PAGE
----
Report from The Belfast Evening Telegraph, April 25th, 1914

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On Friday afternoon orders were issued to the section officers and squad leaders of the Larne Battalion of the Ulster Volunteer Force calling for a mobilisation in the evening. The officers lost no time in attending to their orders, and the mobilisation, which was on a most extensive scale, was a thorough success. The order was not confined to the Larne Battalion, but embraced the entire East Antrim Regiment, and in no quarter was the response more prompt than in the country districts, where the members of the forces after a heavy day’s toil, turned out almost to a man. The various units assembled at their respective drill-halls and meeting-places, and from thence they marched to the grounds of the Dowager Lady Smiley, Drumalis. The movement, which puzzled the general public and likewise the police, was part of a well-organised scheme for receiving a large cargo of arms and ammunition due to arrive at Larne Harbour. At Drumalis the men were told off into companies, each had their duties allotted to them, and all left Drumalis by different routes, a matter which went a long way towards increasing the embarrassment of the police, who were carefully noting all movements.

An extra strong force was sent to the harbour, and almost simultaneously with their arrival at the quayside, two steamers laden, as they proved to be, with arms and ammunition, glided into the lough, and berthed at the south pier. With lights out, so noiseless was the arrival of the steamers that only the keenest observers were aware of their presence until they were moored.

In a moment a couple of arc lamps threw a bright light over the entire pier, two powerful cranes were soon transferring the cargo from the steamer to motor-cars, and part of the pier which a moment previously had been dark and silent, was now the scene of bustle and excitement. Hundreds of willing workers were soon engaged loading motor-cars, motor-lorries, and even traction engines, to be despatched to all quarters of Ulster.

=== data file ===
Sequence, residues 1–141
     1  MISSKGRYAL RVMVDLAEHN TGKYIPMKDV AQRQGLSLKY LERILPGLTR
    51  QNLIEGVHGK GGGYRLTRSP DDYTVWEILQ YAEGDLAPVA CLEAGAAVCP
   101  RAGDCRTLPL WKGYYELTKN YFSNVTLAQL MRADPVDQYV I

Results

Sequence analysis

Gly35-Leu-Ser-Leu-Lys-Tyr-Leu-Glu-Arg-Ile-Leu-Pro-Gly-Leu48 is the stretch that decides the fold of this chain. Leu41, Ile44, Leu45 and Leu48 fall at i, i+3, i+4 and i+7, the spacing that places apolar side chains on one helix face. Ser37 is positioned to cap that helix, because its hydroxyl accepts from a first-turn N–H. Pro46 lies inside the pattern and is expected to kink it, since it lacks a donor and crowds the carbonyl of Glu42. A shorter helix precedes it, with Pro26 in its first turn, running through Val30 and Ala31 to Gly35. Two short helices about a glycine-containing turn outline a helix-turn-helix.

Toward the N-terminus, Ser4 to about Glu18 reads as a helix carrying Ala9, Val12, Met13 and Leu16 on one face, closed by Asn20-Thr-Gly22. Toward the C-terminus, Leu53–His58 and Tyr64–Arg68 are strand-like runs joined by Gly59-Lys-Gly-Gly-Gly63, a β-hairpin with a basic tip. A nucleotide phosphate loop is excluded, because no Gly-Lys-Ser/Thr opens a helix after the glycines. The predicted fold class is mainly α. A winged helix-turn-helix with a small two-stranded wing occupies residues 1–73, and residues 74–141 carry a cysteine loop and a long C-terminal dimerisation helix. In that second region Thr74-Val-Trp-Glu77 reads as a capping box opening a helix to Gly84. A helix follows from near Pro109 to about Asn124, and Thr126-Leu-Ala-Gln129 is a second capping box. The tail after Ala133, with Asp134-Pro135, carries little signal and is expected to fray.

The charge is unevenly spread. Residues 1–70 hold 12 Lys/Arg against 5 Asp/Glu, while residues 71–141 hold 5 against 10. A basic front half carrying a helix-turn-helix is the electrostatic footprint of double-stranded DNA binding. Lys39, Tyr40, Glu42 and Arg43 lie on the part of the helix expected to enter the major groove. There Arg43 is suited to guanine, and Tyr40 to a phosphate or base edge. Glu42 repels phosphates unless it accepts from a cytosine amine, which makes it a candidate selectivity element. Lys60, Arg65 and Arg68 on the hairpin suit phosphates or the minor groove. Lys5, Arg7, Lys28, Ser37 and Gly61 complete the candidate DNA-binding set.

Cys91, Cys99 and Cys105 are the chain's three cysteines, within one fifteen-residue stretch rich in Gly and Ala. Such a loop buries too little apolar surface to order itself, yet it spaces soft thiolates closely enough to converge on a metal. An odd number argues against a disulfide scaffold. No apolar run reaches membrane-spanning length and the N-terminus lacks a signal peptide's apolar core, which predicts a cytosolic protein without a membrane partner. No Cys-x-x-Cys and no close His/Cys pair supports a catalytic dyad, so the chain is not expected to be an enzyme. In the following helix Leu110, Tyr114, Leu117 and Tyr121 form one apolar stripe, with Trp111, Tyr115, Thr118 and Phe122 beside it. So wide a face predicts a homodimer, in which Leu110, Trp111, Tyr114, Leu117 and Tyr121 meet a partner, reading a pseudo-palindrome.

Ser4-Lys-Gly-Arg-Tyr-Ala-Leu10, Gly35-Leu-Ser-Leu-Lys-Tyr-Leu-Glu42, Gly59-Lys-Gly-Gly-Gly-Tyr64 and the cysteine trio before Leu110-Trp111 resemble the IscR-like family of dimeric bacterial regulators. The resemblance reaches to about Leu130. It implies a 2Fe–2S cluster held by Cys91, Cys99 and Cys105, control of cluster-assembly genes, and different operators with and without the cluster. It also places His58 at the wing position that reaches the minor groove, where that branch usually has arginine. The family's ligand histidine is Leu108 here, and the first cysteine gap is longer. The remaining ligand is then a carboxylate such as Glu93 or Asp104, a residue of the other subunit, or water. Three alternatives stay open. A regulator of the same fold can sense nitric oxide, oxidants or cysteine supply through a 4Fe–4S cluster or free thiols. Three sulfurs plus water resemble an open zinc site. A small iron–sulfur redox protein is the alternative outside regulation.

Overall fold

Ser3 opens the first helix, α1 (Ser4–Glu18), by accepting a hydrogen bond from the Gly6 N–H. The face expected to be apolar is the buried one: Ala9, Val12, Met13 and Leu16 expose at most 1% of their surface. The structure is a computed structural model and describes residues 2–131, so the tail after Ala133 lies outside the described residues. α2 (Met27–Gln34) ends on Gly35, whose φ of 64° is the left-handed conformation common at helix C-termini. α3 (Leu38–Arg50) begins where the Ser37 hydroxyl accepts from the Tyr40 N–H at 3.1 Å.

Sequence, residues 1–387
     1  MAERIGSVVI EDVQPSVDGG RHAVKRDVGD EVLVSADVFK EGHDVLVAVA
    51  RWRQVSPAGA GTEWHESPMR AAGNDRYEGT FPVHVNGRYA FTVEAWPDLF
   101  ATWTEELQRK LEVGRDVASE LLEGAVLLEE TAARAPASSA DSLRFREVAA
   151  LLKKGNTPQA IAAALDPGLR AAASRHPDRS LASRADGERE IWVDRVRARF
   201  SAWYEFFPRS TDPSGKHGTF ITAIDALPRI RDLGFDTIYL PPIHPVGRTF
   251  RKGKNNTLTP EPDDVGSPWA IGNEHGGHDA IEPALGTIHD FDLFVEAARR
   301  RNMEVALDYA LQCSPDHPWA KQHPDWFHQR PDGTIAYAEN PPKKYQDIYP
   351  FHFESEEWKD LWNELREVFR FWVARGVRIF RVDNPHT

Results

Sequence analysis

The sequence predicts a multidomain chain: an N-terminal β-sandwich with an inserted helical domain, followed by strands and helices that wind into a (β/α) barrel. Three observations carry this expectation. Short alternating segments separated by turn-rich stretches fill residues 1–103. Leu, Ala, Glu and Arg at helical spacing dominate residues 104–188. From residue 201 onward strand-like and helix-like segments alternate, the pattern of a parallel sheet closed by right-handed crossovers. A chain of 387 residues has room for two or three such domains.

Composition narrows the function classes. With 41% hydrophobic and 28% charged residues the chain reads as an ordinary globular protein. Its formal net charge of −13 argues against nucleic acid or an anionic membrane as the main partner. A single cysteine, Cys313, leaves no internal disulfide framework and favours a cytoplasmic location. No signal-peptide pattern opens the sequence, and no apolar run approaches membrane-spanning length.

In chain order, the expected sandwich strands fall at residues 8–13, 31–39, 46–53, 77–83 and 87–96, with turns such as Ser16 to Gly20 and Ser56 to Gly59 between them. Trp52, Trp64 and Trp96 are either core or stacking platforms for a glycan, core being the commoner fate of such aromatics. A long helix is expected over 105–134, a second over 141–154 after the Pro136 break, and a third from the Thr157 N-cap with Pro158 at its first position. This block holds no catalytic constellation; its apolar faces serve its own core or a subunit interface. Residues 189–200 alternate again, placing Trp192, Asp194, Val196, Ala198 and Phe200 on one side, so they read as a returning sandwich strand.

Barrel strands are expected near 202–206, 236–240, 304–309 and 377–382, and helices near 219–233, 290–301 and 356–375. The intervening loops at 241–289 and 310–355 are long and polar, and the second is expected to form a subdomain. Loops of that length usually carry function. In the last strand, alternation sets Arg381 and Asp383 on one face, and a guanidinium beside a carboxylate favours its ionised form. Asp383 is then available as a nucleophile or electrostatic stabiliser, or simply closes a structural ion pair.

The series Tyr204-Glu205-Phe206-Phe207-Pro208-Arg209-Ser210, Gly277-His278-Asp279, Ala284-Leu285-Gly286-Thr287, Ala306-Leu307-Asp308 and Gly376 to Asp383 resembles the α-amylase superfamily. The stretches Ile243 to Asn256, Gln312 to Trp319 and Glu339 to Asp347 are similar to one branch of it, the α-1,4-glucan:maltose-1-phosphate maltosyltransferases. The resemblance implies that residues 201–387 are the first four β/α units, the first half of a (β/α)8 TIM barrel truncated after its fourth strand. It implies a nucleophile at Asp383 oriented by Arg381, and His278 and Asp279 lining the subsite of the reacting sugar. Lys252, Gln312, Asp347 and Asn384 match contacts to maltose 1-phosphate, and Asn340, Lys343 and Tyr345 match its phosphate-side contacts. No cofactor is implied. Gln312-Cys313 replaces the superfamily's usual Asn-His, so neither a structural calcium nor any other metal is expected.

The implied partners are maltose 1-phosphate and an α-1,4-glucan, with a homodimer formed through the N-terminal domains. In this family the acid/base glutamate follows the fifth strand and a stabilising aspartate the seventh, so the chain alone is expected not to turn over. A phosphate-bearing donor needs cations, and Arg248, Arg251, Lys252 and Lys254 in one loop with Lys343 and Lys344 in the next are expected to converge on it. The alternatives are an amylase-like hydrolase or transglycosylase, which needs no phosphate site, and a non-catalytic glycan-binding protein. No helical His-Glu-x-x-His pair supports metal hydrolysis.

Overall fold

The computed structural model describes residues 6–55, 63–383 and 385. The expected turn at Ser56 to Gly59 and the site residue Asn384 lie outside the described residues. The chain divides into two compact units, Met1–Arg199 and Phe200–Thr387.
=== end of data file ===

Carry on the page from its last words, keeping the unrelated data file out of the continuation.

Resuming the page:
The steamers, which were piloted into the lough by a third vessel showing all her lights, berthed shortly after nine o’clock, and as it was two o’clock before the last of the motors had been despatched, one would be well within the limit in putting down the number of motors at well over 500. The remainder of the cargo was unshipped and deposited on the quay pending the return of the motor vehicles, and at three o’clock the steamer was cleared and sailed from the harbour amidst the ringing cheers of hundreds of Volunteers for the captain and crew. The second vessel—the cargo of which consisted of ammunition—had left the lough over an hour previously.

The movements of the Volunteers earlier in the evening completely baffled the police, who were without a clue to the meaning of the hurried and strong mobilisation. So well was the scheme organised and carried through that neither the police nor yet the Customs officers could make their way to the harbour. Every means of access thereto was strongly guarded by determined bands of Volunteers, and when the first attempt to break through the line had failed, the police, evidently realising that the odds against them were too great, contented themselves by acting the part of spectators, while cars and lorries laden with “warlike” material darted past at speed.

All roads leading to Larne were lined with Volunteers for many miles, and this would have rendered any attempt on the part of the police to communicate with other centres entirely useless. In addition, telephonic communication was disorganised, and here again it was impossible to communicate with the outside world. Motors having consignments, the destination of which was presumably not very far removed from the town, returned to the harbour again and again, and shortly before four o’clock the last rifle had been removed.

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